What should you do on a solo trip to Cambodia? Flash Pack has a series of original experiences in the mix, including a sunset tuk-tuk ride to Phnom Penh’s atmospheric Street 60 night market, with barbecue grills and street food like spicy amok (fish and coconut curry) to sample. Also in the capital, you’ll find bespoke jewellery, ceramics and hand-tailored silk at Toul Tom Poung Market and the Art Deco Central Market, a nod to Cambodia’s French colonial past. 

Elsewhere, knock back canapés and fizz in the rose-red façades of the Banteay Srei temple near Siem Reap, where you can also enjoy massages and dinner with traditional dancing. Finally, take it all in with your locally-led group for an insider’s view on Cambodia’s leading sites, including the Killing Fields, the Tuol Sleng Genocide Museum and the incredible temples of Angkor Wat at sunrise.

Where to stay as a solo traveller in Cambodia

What are the hotels like in Cambodia? When Cambodia first opened to tourists in the mid-90s, it was known as a backpacker’s retreat, thanks to its affordable prices which still endure today. While the country still has plenty of budget guest houses and homestays to its name, it’s also home to a growing legion of luxury, boutique and wellness retreats. 

Phnom Penh, Siem Reap, Koh Rong island and the northern province of Preah Vihear all boast some seriously high-end hotels. Think world-class cuisine, spas and palm-fringed pools. These kinds of places would normally be off-limits to solo travellers. But with Flash Pack’s group solo trips to Cambodia, you can opt to share a room – allowing you to swerve the single supplement and access the same amazing hotels as a solo traveller. Still want a private room? That’s fine, too.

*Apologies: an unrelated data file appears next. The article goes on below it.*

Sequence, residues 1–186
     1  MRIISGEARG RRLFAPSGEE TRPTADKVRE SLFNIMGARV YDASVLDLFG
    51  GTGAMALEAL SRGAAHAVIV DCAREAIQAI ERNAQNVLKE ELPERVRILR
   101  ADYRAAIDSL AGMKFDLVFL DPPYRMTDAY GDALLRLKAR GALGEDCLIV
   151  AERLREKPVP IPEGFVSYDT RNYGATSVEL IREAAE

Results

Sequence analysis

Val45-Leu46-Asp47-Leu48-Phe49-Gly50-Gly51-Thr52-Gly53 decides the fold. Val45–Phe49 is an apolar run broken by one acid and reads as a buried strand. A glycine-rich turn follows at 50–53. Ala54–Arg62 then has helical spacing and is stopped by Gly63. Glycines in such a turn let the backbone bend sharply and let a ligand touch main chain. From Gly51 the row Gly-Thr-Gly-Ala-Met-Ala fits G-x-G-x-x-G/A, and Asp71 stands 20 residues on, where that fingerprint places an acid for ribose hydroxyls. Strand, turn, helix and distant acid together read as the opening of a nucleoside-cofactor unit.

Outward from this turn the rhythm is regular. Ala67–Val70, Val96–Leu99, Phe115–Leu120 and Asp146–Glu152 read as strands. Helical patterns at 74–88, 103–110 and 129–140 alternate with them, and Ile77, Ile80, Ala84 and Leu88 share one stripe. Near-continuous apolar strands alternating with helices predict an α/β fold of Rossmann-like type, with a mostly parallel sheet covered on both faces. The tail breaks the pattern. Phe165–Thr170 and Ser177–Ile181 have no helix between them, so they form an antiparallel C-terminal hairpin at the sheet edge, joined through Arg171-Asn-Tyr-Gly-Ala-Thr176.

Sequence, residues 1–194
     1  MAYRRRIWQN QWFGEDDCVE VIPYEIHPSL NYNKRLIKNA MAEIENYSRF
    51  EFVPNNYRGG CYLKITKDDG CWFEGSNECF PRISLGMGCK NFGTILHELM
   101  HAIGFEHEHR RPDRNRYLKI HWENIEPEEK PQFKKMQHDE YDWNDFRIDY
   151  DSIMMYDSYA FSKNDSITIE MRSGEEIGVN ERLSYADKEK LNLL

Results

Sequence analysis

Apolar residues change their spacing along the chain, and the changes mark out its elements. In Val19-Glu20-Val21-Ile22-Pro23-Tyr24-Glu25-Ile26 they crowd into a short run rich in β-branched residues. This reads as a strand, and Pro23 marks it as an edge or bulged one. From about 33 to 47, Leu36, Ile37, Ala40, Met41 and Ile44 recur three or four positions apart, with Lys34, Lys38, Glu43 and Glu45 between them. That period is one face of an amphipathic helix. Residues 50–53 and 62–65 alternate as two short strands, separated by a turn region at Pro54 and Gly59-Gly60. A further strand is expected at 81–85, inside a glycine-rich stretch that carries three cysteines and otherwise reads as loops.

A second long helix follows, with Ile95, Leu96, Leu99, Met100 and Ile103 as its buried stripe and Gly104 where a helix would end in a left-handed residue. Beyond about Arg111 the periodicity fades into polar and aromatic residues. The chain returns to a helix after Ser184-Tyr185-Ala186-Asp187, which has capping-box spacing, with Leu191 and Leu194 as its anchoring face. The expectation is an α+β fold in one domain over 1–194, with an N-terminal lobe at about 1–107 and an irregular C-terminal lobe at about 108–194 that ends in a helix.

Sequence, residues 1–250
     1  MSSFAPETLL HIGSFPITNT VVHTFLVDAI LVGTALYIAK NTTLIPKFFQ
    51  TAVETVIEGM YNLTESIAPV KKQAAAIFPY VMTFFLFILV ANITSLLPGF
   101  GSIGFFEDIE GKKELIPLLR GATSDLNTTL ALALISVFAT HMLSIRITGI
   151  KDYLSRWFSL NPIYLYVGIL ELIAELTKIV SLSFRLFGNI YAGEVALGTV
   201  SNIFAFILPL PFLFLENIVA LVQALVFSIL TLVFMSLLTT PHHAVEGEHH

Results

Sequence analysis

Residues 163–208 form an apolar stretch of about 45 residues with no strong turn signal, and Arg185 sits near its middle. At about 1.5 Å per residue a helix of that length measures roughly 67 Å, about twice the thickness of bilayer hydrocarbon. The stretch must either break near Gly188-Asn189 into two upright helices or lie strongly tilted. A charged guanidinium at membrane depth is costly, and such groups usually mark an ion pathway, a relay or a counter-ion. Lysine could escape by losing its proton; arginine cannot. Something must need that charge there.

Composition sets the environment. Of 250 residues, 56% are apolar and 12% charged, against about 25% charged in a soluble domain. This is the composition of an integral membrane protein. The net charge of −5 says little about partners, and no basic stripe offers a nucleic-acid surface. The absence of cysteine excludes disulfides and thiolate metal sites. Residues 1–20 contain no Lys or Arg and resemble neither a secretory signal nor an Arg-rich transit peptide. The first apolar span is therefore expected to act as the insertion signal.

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How to get to Cambodia

Direct flights to Cambodia are thin on the ground. So, if you’re flying in from Europe, North America, Australasia or Africa, you’ll need to connect in Southeast Asia – via Bangkok or Kuala Lumpur – to reach Cambodia’s main airports: Phnom Penh International Airport (for the capital) and Siem Reap International Airport (for Angkor Wat). 

Many who experience solo travel in Cambodia also enter overland via border crossings from neighbouring Thailand, Laos and Vietnam. Private air-conditioned buses are the best way to do this: you can book tickets easily online. From the Thai capital Bangkok, you can also reach Cambodia’s Aranyaprathet-Poipet border by train. A private boat ride along the Mekong River from Ho Chi Minh in Vietnam to Phnom Penh is another scenic slow-travel way to cross into Cambodia, if you have extra time.

How to get around Cambodia

On a solo holiday to Cambodia, it’s easy to take a bus between the country’s major destinations; book with a private company, like the Mekong Express, for comfy seats with air-con and Wifi. Within cities, you’ll get the best experience by travelling around in man-powered cyclos or motorised tuk-tuks. Boat trips run daily between Phnom Penh and Siem Reap (the route is beautiful). There’s only one train route, from Phnom Penh to the northwest Battambang Province. Car hire is possible but not advised due to road conditions.

With Flash Pack, all internal travel in Cambodia is arranged for you via private minibus and included in the price of the trip. So, all you have to do is rock up and enjoy the show.

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Best time to visit Cambodia